Trains are a futuristic means of transport, able to carry huge numbers of passengers with minimum impact on the environment, and which connect the very center of one city to the other. Having an efficient rail network, with good coaches and practical stations linked to other modes of transports is nowadays a critical factor to foster sustainable growth and territorial development. To achieve this goal, a steady and enduring investment effort is required and ambitious technical choices must be made. Just like in India, we have been constantly facing these challenges in France, when 40 years ago we decided to develop one of the first high speed railway networks in the world, while continuing to electrify and modernize the existing network and retrofitting existing stations to better integrate them to urban transportation systems. France has acquired a very strong expertise in rail transport which is internationally renowned. The very recent inauguration of two new high speed lines (on 1st of July), linking Paris to the northern city of Rennes in only 1 hour and 26 minutes and to southern Bordeaux in two hours and 8 minutes is an example of the continuous improvement of the French network and of the excellence of the French know-how in high speed rail.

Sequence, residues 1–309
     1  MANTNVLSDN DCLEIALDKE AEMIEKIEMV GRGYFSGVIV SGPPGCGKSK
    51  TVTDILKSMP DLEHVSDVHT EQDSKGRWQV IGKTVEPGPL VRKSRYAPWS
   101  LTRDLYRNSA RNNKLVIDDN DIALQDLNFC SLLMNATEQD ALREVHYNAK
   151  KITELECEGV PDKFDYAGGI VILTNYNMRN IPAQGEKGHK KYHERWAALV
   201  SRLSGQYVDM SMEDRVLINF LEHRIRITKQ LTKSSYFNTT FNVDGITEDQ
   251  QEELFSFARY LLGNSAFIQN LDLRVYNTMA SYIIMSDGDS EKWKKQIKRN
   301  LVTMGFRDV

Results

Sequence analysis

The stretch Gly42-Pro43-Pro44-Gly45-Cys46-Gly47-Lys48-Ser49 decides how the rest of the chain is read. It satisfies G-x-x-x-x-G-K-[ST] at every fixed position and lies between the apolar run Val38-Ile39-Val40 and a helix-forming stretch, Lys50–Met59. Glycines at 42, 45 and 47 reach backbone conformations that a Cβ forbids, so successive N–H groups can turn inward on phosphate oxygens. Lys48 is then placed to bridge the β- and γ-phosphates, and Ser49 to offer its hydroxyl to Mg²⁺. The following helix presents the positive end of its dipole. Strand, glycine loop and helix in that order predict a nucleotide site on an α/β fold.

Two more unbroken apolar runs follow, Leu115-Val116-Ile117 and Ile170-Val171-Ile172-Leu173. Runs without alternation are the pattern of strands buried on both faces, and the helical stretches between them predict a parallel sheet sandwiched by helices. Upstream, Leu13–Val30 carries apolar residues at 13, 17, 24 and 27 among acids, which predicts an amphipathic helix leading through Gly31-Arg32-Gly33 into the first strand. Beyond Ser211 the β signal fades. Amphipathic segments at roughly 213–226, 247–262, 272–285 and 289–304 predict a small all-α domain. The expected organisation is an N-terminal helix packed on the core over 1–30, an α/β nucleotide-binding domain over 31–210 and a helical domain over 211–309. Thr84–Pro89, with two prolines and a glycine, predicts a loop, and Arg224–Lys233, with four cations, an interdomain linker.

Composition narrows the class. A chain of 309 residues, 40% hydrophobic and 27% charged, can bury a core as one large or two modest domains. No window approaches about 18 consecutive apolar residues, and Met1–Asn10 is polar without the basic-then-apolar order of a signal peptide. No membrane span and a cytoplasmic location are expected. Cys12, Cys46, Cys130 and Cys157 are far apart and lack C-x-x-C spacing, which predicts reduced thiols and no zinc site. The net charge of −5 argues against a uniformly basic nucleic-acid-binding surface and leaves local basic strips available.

Our two countries have a long lasting experience to share.
Indeed, France and India have an ancient and active cooperation in the railway industry. The French national rail operator SNCF and the Indian Railways have been working together for more than 30 years. On the occasion of the last meeting, on 3rd June the Hon’ble Prime Minister of India Shri Narendra Modi and Emmanuel Macron, the President of the French Republic reaffirmed the need to further strengthen Indo-French cooperation in railway sector.